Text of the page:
SHORTCUT.exe (Windows 95 support tools and NT 4 Server Resource Kit)

Create a windows shortcut (.LNK file)

Syntax
      SHORTCUT [options]

Key
   Source options
   -t target    : The path and file name of the application/document to open.
   -a arguments : The arguments passed when the shortcut is used.
	-d directory : The folder to start the application in.
   -i iconfile  : The file the icon is in.
   -x index     : The index into the icon file.

   options for the shortcut file to be created

   -n name      : The path and file name (.LNK) of the shortcut file.
   -c           : Change existing shortcut.
   -r           : Resolve broken shortcut.
   -f           : Force overwrite of an existing short cut.
   -s           : Make shortcut simple (don’t use LinkResolve)

   Export options
   -u [spec]    : ECHO the contents of an existing shortcut. 
                  'all' is the same as 'natdix' but the letters 
                  of 'natdix' specify the options to be exported
				   (the same option can be specified more than once
					e.g. -u natn)
   -l logfile   : Save any error messages in the specified file

If shortcut.exe fails to create a new shortcut, it does NOT set an errorlevel.

Example

   @ECHO off 
   MD %userprofile%"\start menu\programs\MY APP"
   SHORTCUT -f -t C:\MyApp.exe -n %userprofile%"\start menu\programs\MY APP\MY APP"

An alternative, is to use VBScript, call the VB script with cscript like so:
CSCRIPT C:\batch\myshortcut.vbs

Optional sections in the VBscript below are commented out:

   Set oWS = WScript.CreateObject("WScript.Shell")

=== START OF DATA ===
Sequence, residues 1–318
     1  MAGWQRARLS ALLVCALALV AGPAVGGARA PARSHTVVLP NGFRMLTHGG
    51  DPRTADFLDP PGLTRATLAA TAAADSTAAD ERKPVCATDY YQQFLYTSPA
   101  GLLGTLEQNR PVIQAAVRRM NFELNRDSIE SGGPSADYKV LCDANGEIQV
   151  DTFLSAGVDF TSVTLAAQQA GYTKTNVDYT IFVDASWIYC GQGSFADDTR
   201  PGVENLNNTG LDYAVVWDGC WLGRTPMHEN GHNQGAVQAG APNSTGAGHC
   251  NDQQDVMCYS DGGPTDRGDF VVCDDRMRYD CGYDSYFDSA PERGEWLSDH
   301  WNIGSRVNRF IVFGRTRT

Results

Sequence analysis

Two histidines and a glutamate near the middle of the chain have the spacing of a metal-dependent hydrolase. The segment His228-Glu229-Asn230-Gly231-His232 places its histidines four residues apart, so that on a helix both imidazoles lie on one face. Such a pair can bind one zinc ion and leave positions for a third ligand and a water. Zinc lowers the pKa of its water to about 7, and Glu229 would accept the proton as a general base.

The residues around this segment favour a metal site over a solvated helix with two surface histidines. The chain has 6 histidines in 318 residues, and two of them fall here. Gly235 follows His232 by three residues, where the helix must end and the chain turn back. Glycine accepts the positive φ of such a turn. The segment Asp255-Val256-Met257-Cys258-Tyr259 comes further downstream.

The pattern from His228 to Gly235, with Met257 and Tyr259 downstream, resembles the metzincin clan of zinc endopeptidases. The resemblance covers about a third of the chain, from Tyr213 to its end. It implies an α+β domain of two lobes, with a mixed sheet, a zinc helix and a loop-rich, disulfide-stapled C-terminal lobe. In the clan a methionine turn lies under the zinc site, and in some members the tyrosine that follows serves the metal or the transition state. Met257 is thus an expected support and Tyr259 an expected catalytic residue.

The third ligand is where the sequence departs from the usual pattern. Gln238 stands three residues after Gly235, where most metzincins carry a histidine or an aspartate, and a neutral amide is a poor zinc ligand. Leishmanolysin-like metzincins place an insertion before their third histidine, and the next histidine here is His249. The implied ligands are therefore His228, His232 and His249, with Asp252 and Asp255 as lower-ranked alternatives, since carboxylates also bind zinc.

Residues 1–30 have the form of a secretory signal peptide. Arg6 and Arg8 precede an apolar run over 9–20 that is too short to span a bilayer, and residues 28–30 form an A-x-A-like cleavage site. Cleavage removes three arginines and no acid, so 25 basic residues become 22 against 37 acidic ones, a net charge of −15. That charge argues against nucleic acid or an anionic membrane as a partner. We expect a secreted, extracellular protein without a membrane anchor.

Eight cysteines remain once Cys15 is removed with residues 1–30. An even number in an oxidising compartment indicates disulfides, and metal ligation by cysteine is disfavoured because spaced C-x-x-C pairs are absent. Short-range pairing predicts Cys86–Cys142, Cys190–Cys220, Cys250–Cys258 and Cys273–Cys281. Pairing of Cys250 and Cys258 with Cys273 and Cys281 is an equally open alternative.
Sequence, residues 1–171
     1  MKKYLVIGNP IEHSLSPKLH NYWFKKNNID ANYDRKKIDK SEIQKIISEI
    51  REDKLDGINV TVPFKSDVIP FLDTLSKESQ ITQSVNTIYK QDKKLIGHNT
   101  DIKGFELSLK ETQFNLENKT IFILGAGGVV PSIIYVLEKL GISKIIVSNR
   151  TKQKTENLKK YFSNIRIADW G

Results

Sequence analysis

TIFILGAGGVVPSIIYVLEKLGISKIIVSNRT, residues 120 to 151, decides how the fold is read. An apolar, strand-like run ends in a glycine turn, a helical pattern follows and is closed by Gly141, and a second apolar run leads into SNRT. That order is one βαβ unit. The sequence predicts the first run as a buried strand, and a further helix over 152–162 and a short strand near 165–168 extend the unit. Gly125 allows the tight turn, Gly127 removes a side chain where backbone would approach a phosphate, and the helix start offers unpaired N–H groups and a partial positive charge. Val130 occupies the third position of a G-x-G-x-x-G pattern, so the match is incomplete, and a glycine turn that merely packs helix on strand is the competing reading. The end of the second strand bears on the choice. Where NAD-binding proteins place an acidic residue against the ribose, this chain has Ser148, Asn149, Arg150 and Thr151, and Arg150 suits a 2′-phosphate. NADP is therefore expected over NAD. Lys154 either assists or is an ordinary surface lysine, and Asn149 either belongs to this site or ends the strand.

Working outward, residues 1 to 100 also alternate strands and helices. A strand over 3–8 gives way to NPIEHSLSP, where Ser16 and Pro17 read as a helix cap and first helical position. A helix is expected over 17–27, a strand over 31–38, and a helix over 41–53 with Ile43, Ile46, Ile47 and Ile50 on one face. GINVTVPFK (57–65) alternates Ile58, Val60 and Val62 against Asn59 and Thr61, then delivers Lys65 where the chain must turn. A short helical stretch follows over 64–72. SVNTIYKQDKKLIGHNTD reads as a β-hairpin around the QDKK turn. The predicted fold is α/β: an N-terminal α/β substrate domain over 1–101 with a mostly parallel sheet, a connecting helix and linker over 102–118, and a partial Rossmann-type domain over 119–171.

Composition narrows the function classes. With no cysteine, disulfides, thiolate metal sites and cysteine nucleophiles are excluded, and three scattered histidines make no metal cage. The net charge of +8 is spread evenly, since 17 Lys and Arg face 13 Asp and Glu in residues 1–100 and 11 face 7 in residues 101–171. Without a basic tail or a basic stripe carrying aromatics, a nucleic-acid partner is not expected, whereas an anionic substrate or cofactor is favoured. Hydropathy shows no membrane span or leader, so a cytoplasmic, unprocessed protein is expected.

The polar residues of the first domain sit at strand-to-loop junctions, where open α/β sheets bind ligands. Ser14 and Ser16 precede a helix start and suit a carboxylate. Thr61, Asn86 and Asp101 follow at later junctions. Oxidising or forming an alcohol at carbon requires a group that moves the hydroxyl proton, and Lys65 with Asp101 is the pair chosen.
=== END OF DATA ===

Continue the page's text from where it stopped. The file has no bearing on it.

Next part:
sLinkFile = "C:\MyShortcut.LNK"
   Set oLink = oWS.CreateShortcut(sLinkFile)
   
   oLink.TargetPath = "C:\Program Files\MyApp\MyProgram.EXE"
   '	oLink.Arguments = ""
   '	oLink.Description = "MyProgram"
   '	oLink.HotKey = "ALT+CTRL+F"
   '	oLink.IconLocation = "C:\Program Files\MyApp\MyProgram.EXE, 2"
   '	oLink.WindowStyle = "1"
   '	oLink.WorkingDirectory = "C:\Program Files\MyApp"
   oLink.Save

Shortcut: NTFS file system tracking

If a shortcut to a file breaks because the destination file has moved, then by default Windows will attempt to automatically locate the shortcut destination by performing a search or matching file properties. This can be turned on or off in the registry:

HKCU\Software\Microsoft\Windows\CurrentVersion\Policies\Explorer
NoResolveTrack

0 = disabled, 1 = enabled (REG_DWORD)

Shortcut: Auto LinkResolve

By default shortcuts will include the destination machine, even for a target like C:\MyFile.doc
This is not immediately visible until the shortcut.LNK file is copied to another machine, the shortcut target will then be automatically updated to point back to \\Machine1\c$\MyFile.doc
To turn this behaviour off use shortcut.exe -s or add a DWORD value of 1 to the registry (before creating the shortcut):

HKCU\Software\Microsoft\Windows\CurrentVersion\Policies\Explorer
"LinkResolveIgnoreLinkInfo"=1

Favourites
Often confused with shortcuts, Internet Explorer Favourite (.URL) files are simple text files which you can create with a few ECHO statements.

“The reasonable man adapts himself to the world: the unreasonable one persists in trying to adapt the world to himself. Therefore all progress depends on the unreasonable man” ~ George Bernard Shaw

Related:

MD - Create folder(s)
Slow Network browsing (XP)
FSUTIL - Create a Hardlink
Q158682 - Shortcuts created resolve to UNC Path (Link Tracking)
Q150215 - Disable Automatic Shortcut Resolution
Q254493 - Shortcut.exe fails with sub-folder names.
Q263324 - Shortcut.exe truncates path names.
Equivalent bash command (Linux): symlink - Make a new name for a file, ln - Make links between files


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